What is a UNESCO Geopark?

UNESCO Global Geoparks are geographical areas where sites and landscapes of international geological significance are managed according to a global concept of protection, education and sustainable development. Their bottom-up approach, combining conservation and sustainable development while involving local communities, is becoming increasingly popular. Elsewhere in the country and in the world, Percé is often cited as a reference, since it was itself founded through a social solidarity cooperative.

In 2018, there are 140 UNESCO Global Geoparks distributed across 38 countries. The majority of Geoparks are located in China and Europe, while more and more "In the Making" Geoparks are appearing on all five continents. At the moment, we have five in North America, two in Mexico and three in Canada. These are Stonehammer Geopark, located in southern New Brunswick, Tumbler Ridge Geopark, located in British Columbia and the Geopark of Percé (Quebec) which obtained the official status of UNESCO World Geopark in April 2018.

Celebrate the heritage of the Earth

The UNESCO Global Geopark in Percé is located at the eastern end of the Gaspé Peninsula, in eastern Quebec, Canada. The climate of the peninsula, greatly influenced by its relief, is generally classified as boreal with cold and dry winters (-20 ° C), but mild summers (more than 10 ° C).

Its territory presents two distinct environments: terrestrial and marine. The terrestrial environment has various reliefs, while the marine environment offers a great diversity of landscapes such as cliffs, islands, beaches and bays. This area contains several ecosystems that give the region its diversity in terms of fauna and flora. The most remarkable and famous natural phenomenon is the presence of the most accessible colony of Northern Gannets on Bonaventure Island, with more than 121 000 Gannets listed in 2008.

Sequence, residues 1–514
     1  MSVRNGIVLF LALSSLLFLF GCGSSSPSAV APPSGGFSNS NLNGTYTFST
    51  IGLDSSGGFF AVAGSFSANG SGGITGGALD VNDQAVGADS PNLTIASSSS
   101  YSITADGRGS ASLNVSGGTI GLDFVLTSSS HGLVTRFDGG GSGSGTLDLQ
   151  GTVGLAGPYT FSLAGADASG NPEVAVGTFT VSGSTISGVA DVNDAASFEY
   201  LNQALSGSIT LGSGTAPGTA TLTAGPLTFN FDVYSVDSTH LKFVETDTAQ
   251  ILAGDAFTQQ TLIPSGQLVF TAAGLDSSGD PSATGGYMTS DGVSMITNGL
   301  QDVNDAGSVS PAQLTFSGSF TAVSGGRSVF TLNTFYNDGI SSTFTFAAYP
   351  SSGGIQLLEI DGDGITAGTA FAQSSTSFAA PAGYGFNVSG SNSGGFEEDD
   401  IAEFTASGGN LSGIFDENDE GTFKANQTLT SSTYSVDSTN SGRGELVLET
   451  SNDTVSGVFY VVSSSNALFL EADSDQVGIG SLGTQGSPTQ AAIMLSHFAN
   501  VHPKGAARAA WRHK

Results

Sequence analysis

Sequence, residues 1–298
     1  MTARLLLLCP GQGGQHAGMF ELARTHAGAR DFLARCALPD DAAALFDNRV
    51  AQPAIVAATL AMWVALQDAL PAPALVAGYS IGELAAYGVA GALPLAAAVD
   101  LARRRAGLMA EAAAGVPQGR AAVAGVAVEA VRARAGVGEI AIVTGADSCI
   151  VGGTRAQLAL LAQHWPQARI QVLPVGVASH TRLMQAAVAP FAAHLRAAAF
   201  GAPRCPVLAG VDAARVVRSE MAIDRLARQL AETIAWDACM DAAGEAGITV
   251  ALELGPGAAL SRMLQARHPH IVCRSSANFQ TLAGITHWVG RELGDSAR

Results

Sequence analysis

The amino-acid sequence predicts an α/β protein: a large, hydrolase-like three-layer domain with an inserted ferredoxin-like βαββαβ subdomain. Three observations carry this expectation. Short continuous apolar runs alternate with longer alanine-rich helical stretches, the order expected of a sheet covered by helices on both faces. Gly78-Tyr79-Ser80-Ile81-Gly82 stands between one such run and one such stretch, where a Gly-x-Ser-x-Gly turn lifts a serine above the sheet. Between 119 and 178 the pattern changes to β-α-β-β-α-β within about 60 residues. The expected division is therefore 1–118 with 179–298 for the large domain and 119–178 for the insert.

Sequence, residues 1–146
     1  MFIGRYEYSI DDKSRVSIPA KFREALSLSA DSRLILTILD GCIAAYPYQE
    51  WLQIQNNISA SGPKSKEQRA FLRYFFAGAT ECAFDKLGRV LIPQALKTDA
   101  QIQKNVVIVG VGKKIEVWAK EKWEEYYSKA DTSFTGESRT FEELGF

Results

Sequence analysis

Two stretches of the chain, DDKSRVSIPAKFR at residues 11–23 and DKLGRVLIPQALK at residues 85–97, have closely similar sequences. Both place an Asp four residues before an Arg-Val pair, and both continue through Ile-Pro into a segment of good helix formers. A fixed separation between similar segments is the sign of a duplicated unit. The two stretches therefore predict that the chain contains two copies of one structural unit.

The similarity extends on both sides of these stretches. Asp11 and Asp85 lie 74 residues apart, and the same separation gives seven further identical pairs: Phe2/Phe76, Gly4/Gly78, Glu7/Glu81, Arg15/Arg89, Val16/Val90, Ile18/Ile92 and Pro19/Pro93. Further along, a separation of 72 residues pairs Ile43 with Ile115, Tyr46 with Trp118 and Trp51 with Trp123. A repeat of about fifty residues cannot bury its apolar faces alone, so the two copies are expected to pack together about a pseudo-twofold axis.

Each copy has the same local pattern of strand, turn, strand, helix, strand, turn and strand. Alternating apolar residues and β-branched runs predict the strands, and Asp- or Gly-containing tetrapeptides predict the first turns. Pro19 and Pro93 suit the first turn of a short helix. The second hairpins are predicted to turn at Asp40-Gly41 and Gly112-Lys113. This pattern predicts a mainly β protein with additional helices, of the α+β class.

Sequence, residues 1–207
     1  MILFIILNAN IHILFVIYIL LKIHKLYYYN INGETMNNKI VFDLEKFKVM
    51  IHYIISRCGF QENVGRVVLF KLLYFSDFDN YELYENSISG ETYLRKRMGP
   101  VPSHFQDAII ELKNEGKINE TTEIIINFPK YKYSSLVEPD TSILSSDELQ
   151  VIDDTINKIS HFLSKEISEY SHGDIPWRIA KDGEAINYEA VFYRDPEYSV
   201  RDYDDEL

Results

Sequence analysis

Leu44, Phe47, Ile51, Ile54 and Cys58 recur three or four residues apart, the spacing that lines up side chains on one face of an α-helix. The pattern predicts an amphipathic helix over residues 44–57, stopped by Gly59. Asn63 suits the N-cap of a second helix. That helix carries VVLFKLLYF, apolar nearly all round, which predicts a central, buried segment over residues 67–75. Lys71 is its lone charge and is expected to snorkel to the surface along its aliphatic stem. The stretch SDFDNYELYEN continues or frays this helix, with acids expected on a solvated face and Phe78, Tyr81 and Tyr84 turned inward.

Percé also witnessed the birth of geology in Canada, since it was in this region that Sir William Logan, the first director of the Geological Survey of Canada, began geological mapping of Canada.

An exploration and observation framework

The main objective of a Geopark is above all to preserve the structure of its habitats, its fauna and flora. It achieves its goals through a three-pronged approach: conservation, education and geotourism. A Geopark provides a framework for exploration and observation, where it is possible to touch, examine and reconnect with specimens of interest, such as rock structures, rare plants and some animal species. It is also the subject of various scientific studies, in addition to offering a range of activities to enjoy the landscape.

Heritage preservation

The mission of a Geopark is to protect and conserve the integrity of a site's geological heritage for the benefit of present and future generations. The enhancement and conservation of the site are the very foundations of the Geopark concept. It becomes a tool for sustainable development for communities. The information is adapted according to the history, the culture, the climatic conditions and the geographical situation of the site.